TOP STORY > >Landfill promoted as wildlife habitat, source for energy
Leader senior staff writer
Proving that one man’s trash is another’s bird sanctuary, Waste Management Inc. and Audubon Arkansas announced Tuesday that they were undertaking a unique partnership to help cleanup the headwaters of the Bayou Meto watershed.
Waste Management’s Two Pine Landfill in Jacksonville began tapping the methane gas created in the landfill and burning it in giant generators to provide low-cost electricity to 4,500 North Little Rock homes.
The methane gas, which would otherwise escape into the atmosphere to create ozone, instead replaces tons of coal to generate that electricity.
On hand to celebrate the partnership and as well as the alternative energy produced at the landfill were Gov. Mike Beebe, Sen. Blanche Lincoln, Cong. Vic Snyder, Sherwood Mayor Virginia Hillman, Jacksonville Mayor Tommy Swaim and others.
“The whole country can take a lesson from this partnership,” said Beebe. “It’s a testimony to the people of Arkansas and can be a model to lead the nation.”
He said that some might expect a pit fight between Waste Management and Audubon, but that the cooperation was inspiring.
He said their bird and management program was a step in making the world safer and cleaner.
“Ken Smith has dedicated his life to making sure these things happen,” Lincoln said, referring the state director of Arkansas
“We celebrate this first-of-a-kind partnership,” she added.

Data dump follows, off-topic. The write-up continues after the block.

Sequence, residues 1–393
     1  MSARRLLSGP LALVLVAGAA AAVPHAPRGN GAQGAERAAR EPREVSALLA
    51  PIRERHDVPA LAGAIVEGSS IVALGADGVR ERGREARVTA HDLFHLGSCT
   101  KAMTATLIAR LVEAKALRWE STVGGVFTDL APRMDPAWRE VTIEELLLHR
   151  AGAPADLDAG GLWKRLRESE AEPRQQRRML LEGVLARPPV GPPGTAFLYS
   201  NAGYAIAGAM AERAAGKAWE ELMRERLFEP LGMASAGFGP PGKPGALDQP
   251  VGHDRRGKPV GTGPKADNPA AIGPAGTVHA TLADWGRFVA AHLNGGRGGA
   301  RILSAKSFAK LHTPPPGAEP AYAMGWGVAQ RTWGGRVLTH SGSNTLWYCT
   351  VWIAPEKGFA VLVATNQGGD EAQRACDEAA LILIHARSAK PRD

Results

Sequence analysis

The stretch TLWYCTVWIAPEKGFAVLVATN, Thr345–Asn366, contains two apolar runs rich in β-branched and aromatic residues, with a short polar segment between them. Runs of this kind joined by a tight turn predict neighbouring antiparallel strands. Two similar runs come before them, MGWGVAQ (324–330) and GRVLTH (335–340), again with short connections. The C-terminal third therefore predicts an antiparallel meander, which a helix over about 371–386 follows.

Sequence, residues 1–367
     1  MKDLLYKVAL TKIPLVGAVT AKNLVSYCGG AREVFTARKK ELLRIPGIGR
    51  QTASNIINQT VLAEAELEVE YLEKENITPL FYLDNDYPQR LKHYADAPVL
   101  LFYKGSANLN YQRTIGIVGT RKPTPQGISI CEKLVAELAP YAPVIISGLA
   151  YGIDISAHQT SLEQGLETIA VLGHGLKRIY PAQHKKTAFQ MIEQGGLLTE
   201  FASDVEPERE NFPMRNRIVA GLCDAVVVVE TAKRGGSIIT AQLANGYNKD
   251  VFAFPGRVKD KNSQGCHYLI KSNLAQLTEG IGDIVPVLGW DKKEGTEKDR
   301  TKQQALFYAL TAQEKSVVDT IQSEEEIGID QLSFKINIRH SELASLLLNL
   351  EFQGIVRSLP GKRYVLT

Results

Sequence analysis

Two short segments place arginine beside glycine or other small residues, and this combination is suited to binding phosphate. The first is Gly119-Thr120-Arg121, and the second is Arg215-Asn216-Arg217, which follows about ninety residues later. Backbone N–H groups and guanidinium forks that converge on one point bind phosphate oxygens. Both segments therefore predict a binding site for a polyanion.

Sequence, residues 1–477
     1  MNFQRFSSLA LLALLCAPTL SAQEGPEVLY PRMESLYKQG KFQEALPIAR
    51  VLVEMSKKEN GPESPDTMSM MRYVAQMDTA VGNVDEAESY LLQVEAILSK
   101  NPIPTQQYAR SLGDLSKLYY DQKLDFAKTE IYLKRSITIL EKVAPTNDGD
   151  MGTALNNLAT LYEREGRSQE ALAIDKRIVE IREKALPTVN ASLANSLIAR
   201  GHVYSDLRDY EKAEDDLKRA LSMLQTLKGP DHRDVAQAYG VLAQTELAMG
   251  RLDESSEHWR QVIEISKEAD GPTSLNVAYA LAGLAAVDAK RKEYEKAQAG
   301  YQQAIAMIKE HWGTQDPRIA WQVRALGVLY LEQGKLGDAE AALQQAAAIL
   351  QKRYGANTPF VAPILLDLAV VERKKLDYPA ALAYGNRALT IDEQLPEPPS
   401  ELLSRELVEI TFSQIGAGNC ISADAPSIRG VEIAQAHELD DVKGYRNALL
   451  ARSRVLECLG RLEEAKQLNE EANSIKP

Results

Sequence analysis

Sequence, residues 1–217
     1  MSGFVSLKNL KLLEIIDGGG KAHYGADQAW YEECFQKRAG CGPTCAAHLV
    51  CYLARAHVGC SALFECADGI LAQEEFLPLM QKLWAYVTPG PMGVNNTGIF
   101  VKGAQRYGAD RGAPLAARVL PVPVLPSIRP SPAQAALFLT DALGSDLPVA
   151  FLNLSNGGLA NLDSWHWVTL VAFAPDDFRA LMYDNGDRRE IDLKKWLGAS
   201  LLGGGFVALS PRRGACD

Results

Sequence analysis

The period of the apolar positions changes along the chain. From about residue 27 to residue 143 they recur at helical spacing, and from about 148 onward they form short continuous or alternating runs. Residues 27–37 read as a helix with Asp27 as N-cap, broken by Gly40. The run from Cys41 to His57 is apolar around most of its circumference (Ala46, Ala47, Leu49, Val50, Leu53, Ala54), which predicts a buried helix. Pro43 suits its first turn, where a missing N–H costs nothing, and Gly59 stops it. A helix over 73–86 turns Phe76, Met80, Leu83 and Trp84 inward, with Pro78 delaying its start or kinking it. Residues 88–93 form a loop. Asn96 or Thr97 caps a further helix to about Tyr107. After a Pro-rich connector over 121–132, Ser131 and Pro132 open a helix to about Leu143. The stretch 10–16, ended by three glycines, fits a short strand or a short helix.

The generators produce 5 megawatts of electricity to power some homes in North Little Rock.
Nationally, Waste Manage-ment produces enough electricity to power 400,000 homes and offset the burning of 200 million tons of coal, a company spokesman said.
The existing landfill is about at its capacity, and Waste Management is preparing about 150 acres across Hwy. 440 for future use, but all of it will eventually be incorporated into the bird and wildlife habitat, according to Smith.
He said the park and habitat will total about 500 acres and will include grasses that can be harvested and sold to make ethanol, marshes to help clean and filter storm-water runoff, trails, overlooks and eventually a nature center just yards from the generators turning methane into electricity.
“It’s all pretty neat stuff,” said Smith, but the real importance to Audubon is that Two Pine and Jacksonville are in the headwaters of Bayou Meto.
He said that other than cleaning up the dioxin spilled from the old Vertac chemical plant, little thought had been given to conservation of the watershed.
“Downstream is the largest public waterfowl shooting grounds in the United States, 20,000 acres in the Bayou Meto Wildlife Management Area,” Smith said.